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First published in January 2017
An edited extract from Web of Deceit: Britain’s Real Role in the World
In the hundreds of media articles on the 1994 Rwanda genocide, there is barely a mention of Britain being a permanent member of the UN security council and in any way responsible for what happened. I recounted Britain’s role in my previous book, The Great Deception, so I will not repeat everything here. Since then, however, another book, by Linda Melvern, an investigative journalist, confirms the quite terrible British, and US, role.
After the killings began in early April 1994, the UN security council, instead of beefing up it’s peace mission in the country and giving it a stronger mandate to intervene, decided to reduce the troop presence from 2,500 to 270. This decision sent a green light to those who had planned the genocide that the UN would not intervene. A small UN military force arrived merely to rescue expats, and then left. Belgium’s senior army officer in the UN peace mission believed that if this force had not been pulled out, the killing could have been stopped. Canadian general Romeo Dallaire, who commanded the UN force in Rwanda, later said that this evacuation showed “inexcusable apathy by the sovereign states that made up the UN, that is completely beyond comprehension and moral acceptability”.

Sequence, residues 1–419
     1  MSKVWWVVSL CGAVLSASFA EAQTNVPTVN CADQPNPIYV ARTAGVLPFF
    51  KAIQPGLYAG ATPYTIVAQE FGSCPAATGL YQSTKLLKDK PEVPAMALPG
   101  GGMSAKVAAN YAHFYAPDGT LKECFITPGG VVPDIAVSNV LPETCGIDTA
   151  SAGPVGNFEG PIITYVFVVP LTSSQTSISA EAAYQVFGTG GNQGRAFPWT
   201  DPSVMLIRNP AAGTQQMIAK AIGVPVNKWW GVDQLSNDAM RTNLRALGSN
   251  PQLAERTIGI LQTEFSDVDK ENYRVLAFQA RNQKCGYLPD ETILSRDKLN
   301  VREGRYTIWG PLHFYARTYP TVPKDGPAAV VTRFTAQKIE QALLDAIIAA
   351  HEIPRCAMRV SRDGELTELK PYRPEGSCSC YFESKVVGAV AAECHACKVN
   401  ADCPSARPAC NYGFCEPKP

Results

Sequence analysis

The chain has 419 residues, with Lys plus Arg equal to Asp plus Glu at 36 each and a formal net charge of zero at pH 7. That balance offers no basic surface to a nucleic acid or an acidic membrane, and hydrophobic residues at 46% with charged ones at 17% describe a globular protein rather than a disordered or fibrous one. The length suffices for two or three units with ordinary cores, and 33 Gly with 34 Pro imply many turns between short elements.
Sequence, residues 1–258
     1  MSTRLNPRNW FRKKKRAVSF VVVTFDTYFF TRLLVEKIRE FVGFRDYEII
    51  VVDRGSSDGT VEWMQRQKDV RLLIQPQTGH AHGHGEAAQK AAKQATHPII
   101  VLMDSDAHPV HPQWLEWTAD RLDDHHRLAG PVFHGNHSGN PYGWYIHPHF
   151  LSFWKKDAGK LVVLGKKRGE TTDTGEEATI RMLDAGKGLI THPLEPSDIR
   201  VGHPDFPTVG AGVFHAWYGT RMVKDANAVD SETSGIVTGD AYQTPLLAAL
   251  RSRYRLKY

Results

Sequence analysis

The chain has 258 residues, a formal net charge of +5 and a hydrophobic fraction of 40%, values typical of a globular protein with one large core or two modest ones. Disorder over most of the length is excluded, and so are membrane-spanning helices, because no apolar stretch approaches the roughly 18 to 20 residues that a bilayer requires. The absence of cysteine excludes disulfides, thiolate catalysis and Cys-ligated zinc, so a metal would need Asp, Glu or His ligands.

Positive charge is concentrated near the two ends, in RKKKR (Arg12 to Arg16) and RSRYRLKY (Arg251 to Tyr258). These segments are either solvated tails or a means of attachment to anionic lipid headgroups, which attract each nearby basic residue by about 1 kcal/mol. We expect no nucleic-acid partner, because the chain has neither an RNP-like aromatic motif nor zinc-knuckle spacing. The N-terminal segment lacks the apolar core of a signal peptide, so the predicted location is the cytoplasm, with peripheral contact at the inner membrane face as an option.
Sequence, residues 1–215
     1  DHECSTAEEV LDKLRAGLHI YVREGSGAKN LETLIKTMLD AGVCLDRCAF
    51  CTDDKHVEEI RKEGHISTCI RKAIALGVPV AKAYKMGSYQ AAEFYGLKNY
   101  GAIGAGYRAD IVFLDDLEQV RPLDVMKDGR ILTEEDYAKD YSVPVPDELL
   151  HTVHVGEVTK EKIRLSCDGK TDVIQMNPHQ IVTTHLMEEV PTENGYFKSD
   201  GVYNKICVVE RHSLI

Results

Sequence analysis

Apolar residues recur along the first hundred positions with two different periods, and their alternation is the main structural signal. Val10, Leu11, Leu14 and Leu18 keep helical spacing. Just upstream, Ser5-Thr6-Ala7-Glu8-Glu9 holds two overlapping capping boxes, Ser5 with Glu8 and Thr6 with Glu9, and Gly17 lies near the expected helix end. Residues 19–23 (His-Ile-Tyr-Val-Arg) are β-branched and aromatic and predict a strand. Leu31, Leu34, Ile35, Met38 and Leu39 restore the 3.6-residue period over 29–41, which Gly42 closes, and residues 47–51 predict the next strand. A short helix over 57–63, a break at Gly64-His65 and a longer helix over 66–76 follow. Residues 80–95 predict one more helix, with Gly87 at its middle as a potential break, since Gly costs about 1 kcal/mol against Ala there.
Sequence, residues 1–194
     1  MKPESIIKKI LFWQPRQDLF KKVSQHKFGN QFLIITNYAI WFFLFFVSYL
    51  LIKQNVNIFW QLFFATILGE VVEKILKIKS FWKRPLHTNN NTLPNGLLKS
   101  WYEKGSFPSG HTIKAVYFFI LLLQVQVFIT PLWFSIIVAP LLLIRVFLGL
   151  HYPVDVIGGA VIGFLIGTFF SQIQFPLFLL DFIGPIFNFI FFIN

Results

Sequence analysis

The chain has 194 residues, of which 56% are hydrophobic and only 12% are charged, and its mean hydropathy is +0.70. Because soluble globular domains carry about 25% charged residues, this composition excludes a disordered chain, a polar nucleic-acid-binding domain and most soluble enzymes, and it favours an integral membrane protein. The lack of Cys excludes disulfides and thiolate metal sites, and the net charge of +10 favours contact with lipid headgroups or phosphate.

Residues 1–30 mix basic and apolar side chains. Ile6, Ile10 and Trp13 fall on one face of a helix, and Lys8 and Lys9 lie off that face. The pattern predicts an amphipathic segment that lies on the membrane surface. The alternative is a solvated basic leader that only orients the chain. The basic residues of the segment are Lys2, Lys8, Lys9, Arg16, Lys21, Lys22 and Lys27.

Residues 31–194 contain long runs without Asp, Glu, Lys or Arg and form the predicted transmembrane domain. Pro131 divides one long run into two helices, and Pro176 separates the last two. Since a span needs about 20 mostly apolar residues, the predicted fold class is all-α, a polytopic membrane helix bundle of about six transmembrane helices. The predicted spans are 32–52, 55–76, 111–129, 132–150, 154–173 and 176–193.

It was Britain’s ambassador to the UN, Sir David Hannay, who proposed that the UN pull out its force; the US agreed. According to Melvern, it was left to the Nigerian ambassador, Ibrhaim Gambari, to point out that tens of thousands of civilians were dying at the time. Gambari also pleaded with the security council to reinforce the UN presence. But the US objected and Britain agreed, suggesting only to leave behind a token force, which became the 270 personnel.
On the security council at the time sat – by chance – Rwanda, as one of the ten non-permanent members. So British and US indifference and their policy of reducing the UN force, as expressed in the security council,